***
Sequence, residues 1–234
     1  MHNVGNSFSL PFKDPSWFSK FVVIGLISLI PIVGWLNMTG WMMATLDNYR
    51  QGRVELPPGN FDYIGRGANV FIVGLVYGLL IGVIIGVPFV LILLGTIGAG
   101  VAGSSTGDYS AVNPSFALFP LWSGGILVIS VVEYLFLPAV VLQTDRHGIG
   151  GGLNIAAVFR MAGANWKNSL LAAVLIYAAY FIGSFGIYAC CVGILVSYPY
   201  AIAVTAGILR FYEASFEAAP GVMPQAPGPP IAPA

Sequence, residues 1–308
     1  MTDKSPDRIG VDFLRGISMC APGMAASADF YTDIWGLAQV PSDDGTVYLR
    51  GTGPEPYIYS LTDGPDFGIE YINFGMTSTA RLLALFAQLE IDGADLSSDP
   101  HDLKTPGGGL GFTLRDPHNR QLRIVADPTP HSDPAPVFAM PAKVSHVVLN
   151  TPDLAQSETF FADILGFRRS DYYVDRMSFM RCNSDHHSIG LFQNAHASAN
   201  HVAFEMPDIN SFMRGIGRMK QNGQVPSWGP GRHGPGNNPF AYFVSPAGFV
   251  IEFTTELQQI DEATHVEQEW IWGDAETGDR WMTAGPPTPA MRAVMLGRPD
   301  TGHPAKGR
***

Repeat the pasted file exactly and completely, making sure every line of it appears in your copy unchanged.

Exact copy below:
Sequence, residues 1–234
     1  MHNVGNSFSL PFKDPSWFSK FVVIGLISLI PIVGWLNMTG WMMATLDNYR
    51  QGRVELPPGN FDYIGRGANV FIVGLVYGLL IGVIIGVPFV LILLGTIGAG
   101  VAGSSTGDYS AVNPSFALFP LWSGGILVIS VVEYLFLPAV VLQTDRHGIG
   151  GGLNIAAVFR MAGANWKNSL LAAVLIYAAY FIGSFGIYAC CVGILVSYPY
   201  AIAVTAGILR FYEASFEAAP GVMPQAPGPP IAPA

Sequence, residues 1–308
     1  MTDKSPDRIG VDFLRGISMC APGMAASADF YTDIWGLAQV PSDDGTVYLR
    51  GTGPEPYIYS LTDGPDFGIE YINFGMTSTA RLLALFAQLE IDGADLSSDP
   101  HDLKTPGGGL GFTLRDPHNR QLRIVADPTP HSDPAPVFAM PAKVSHVVLN
   151  TPDLAQSETF FADILGFRRS DYYVDRMSFM RCNSDHHSIG LFQNAHASAN
   201  HVAFEMPDIN SFMRGIGRMK QNGQVPSWGP GRHGPGNNPF AYFVSPAGFV
   251  IEFTTELQQI DEATHVEQEW IWGDAETGDR WMTAGPPTPA MRAVMLGRPD
   301  TGHPAKGR